There Was A Father is one of only two films Ozu made during the war, yet ironically this may be his most peaceful and quiet film. Just about every film Ozu has made is simplistic in approach, but this may actually be his most simplistic film. There is no direct reference to the war, but rather a deeply sympathetic father-son relationship (in contrast to his more traditional father-daughter relationship) which details the importance of the parent and the separation of family. I'm not sure if the camera ever even moves, and there are some definitive Ozu pillow shots. Ozu regular Chishu Ryu, who starred in almost all of his films, gives yet another brilliant subtle performance. This was really the film that showcased Ryu as a great leading actor and it remains one of his pivotal performances for Ozu. There Was a Father is a moving film that really defines the essence of what Ozu portrays on a philosophical level. Even in the saddest moments of his work, there is always a sense of peace and comfort. Because of this, I hope to continue this weekly trend of an Ozu film on Friday night…

- More on There Was A Father @ A2P Cinema's Yasujiro Ozu website HERE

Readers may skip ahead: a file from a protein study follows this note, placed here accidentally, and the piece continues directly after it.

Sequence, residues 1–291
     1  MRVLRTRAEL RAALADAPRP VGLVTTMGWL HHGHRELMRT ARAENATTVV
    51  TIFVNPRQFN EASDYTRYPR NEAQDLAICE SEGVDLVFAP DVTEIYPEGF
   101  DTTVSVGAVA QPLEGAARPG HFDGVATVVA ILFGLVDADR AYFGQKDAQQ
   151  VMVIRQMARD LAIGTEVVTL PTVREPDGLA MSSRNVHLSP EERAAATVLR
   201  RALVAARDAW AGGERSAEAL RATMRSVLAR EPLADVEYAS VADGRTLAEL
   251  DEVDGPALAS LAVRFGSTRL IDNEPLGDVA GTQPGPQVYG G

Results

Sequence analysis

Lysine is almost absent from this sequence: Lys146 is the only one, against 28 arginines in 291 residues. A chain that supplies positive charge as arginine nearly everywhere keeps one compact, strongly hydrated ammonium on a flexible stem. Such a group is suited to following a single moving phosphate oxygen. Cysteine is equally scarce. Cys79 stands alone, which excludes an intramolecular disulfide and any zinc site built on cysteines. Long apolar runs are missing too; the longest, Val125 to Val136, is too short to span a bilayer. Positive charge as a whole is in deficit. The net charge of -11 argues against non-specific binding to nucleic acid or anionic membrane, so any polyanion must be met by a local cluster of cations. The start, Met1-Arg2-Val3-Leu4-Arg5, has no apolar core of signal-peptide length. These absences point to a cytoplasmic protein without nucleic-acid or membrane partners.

Thursday, January 4, 2007

January 4th Log

2006, Kevin Smith, United States
1st Viewing, DVD

Kevin Smith is a filmmaker I’ve grown to admire with his recent films. I have mixed feeling about some of his early stuff, but since Dogma, I’ve liked every film he has made. Even Jersey Girl, which I actually consider one of (if not) his best. Smith said he was retiring the Jay and Silent Bob characters with Jay and Silent Bob Strike, but the disappointing feedback from Jersey Girl may have pressured him into returning them to satisfy his many cult fans, particularly of those who embrace his first feature, 1994 Clerks. Over 10 years later, Smith has made a sequel and one both his fans and certainly he can be proud of (in fact, Smith has very openly stated this is the best film he has made). While I think I prefer Jersey Girl or Dogma as my favorite Smith film, I can see why Smith would be so proud of this film. Obviously there are personal elements to this film, and in many ways they are the same as those of Jersey Girl, which is basically to live a life you are happy with and to stop worrying about following some sort of standard of living. While Clerks was an influential and groundbreaking film in American independent cinema, Clerks 2 shows a much more mature and smarter filmmaker. Of course, he hasn’t lost his comic edge either, and Smith has always been a great writer of dialogue. Even if all the comedy doesn’t work, there are moments that are drop-dead hilarious, especially with the way Smith uses dialogue. Also, Rosario Dawson brings a shining burst of energy with a charming performance alongside many of the Smith regulars. Clerks 2 is a funny and even touching film that is not so much worried about a plot as it is expressing emotions and character development. The film ends with a beautiful final track-out zoom that seems to almost take us right back to the original Clerks film. It is a fitting ending to a rather good film.

Wednesday, January 3, 2007

January 3rd Log

2006, Tommy Lee Jones, United States / France
Repeat Viewing, DVD